Examples of force trajectories for 4 participants for 1 task for the first trial of practice (left), the first trial of the immediate retention test (middle), and the first trial of the delayed test (right). Representative data are from a participant poststroke in blocked schedule (stroke-blocked), a participant poststroke in random schedule (stroke-random), a nondisabled participant in blocked schedule (healthy-blocked), and a nondisabled participant in random schedule (healthy-random). The gray line indicates the desired force profile; the black line indicates the actual force (in N) exerted by the participant during 2 s.
Fig. 3.
Fig. 3.
Computer simulations: contextual interference (CI) effect in the nondisabled model. Performance (black line), fast process (dotted line), and slow process (gray line) are shown during blocked (A) and random schedule training (C). Immediate and long-term retention are shown following blocked (B) and random schedule training (D). Imm, immediate test; Del, 24-h delayed test. Notice the large forgetting following blocked training and slower performance improvement during random than during blocked training. The jitter in the fast process memory (reflected in performance) during random training in C was due to both decay and interferences between the tasks.
Fig. 4.
Fig. 4.
Computer simulations: reduced CI effect in a model with poor visuospatial working memory. Performance (black line), fast process (dotted line), and slow process (gray line) are shown during blocked (A) and random schedule training (C). Immediate and long-term retention are shown following blocked (B) and random schedule training (D). In blocked schedules, there was little forgetting in the delayed retention test (B; compare with Fig. 3B) because of relatively higher buildup of slow process and lower buildup of fast process during training (A; compare with Fig. 3A). In random schedules, there was little difference during training (C) and testing (D) compared with the normal model (compare with Fig. 3, C and D).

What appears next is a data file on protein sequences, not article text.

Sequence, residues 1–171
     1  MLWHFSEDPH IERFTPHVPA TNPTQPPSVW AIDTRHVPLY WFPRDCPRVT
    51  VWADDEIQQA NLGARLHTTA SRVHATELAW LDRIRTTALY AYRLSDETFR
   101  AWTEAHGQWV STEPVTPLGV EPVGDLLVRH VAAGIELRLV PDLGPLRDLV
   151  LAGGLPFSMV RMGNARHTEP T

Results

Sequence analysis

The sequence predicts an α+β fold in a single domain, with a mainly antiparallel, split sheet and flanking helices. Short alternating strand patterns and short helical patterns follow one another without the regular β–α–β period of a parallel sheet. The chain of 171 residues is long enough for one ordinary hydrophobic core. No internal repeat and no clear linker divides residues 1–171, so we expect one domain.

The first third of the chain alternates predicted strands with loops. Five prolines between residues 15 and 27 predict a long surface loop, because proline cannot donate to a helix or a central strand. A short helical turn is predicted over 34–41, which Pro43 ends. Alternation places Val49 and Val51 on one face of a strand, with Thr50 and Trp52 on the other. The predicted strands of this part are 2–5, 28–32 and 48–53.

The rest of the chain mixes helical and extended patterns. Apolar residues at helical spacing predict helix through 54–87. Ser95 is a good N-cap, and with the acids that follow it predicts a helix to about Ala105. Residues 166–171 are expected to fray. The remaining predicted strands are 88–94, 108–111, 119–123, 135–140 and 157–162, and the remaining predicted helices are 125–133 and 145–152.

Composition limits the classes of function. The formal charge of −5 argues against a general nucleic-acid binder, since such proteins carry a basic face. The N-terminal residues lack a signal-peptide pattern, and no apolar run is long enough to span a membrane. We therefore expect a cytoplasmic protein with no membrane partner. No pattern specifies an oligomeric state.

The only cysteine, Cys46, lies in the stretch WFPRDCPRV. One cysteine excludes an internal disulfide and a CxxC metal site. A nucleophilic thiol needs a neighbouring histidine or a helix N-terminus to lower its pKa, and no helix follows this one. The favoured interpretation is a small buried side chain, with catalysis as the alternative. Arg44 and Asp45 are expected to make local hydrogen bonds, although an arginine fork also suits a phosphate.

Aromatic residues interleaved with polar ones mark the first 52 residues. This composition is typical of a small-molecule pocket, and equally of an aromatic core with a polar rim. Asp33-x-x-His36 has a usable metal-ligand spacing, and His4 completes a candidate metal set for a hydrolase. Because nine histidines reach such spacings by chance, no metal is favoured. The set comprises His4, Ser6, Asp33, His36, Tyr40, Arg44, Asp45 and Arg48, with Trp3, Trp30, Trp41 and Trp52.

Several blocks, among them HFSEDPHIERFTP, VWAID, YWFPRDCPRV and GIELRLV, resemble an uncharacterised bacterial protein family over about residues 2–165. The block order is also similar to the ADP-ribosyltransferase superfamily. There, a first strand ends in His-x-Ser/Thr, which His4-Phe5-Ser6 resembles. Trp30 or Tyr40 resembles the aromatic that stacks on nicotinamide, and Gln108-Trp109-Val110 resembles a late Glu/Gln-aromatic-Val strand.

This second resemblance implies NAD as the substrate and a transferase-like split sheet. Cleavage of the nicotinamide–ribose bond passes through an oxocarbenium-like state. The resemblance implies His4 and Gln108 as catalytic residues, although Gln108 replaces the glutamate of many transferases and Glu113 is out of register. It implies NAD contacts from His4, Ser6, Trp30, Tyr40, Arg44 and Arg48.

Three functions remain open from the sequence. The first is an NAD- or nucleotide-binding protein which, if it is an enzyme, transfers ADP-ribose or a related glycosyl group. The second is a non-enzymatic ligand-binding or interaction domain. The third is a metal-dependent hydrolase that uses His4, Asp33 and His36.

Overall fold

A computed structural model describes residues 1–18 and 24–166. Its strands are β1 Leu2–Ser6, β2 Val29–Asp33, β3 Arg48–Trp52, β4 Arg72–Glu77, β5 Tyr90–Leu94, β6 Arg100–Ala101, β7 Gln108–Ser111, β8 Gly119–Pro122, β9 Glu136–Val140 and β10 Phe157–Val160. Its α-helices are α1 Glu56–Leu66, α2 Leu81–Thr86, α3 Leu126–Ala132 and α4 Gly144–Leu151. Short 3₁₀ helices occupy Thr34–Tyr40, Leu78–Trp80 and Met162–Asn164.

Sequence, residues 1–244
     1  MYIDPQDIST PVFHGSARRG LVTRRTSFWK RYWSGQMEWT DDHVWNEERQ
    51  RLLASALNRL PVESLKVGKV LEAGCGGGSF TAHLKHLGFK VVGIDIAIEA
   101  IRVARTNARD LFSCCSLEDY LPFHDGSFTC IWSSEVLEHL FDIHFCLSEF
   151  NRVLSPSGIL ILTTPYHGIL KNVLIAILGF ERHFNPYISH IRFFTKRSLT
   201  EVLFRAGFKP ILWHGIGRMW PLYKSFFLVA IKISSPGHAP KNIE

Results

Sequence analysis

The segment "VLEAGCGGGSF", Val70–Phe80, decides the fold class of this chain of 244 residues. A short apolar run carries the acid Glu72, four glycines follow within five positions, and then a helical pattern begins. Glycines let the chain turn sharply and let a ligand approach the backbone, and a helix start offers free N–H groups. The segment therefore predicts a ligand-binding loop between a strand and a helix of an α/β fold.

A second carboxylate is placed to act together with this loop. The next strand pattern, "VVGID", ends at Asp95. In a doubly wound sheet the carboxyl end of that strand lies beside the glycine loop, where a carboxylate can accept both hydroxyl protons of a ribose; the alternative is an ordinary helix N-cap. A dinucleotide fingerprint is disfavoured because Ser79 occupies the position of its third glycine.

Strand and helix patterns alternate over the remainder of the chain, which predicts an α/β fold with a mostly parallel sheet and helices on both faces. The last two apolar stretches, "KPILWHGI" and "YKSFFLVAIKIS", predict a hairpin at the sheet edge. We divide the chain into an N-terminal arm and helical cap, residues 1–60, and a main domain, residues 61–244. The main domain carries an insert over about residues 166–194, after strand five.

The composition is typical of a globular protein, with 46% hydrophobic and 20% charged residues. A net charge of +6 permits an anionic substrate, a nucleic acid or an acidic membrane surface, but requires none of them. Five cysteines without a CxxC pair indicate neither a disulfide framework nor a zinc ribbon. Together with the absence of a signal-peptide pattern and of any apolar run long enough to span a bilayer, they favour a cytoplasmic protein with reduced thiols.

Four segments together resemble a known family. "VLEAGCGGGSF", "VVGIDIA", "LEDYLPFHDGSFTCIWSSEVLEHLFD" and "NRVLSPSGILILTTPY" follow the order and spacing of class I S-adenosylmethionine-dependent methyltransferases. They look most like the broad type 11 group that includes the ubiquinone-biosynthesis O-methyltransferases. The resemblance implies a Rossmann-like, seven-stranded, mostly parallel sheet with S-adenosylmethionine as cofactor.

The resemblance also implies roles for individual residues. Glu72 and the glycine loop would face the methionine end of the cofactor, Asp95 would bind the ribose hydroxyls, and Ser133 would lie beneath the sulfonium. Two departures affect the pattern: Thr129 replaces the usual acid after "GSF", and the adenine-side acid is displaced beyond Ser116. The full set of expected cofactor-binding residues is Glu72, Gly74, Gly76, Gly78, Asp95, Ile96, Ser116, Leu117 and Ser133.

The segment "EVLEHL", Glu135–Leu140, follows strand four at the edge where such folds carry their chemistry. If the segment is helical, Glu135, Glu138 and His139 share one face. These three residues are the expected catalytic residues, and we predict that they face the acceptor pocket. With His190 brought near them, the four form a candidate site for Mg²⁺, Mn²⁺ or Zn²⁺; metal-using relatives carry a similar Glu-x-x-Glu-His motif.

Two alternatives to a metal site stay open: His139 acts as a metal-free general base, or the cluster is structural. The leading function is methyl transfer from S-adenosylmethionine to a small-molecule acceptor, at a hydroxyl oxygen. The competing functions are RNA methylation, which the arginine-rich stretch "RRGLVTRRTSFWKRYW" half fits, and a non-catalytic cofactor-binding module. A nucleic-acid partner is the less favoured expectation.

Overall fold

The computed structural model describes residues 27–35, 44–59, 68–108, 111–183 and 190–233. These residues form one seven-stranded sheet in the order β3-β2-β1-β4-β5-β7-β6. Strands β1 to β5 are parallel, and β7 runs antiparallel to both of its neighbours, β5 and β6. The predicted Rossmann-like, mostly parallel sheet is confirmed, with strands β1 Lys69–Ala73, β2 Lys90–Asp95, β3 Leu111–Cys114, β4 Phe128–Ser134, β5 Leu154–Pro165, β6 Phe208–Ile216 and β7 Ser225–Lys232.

Fig. 5.
Fig. 5.
Computer simulations: forgetting measured at the delayed retention test as a function of the time constant of decay of fast process after either blocked (A) or random schedule (B) for 2 tasks. Overall, and notably for larger time constants, there was less forgetting following random schedule than blocked schedule. However, for smaller time constants, forgetting was comparable following random and blocked schedule.
Fig. 6.
Fig. 6.
Data: CI effect in nondisabled participants. Performance (mean and SE) is shown during blocked (A) and random training (C). Immediate and long-term retention are shown following blocked (B) and random training (D).
Fig. 7.
Fig. 7.
Data: CI effect in participants poststroke. Performance (mean and SE) is shown during blocked (A) and random training (C). Immediate and long-term retention are shown following blocked (B) and random training (D).
Fig. 8.
Fig. 8.
Data: forgetting in individuals poststroke in a 24-h posttraining period is shown as a function of Wechsler visual memory score (figural) following training in either blocked (A) or random schedule (B) in the individuals poststroke who participated in the study. Black lines are regression lines; the gray line in B is a robust regression line (with default weighting function in Matlab robustfit function); the robust regression line is superimposed on the regression line in A. Compare with the computer simulations of Fig. 5.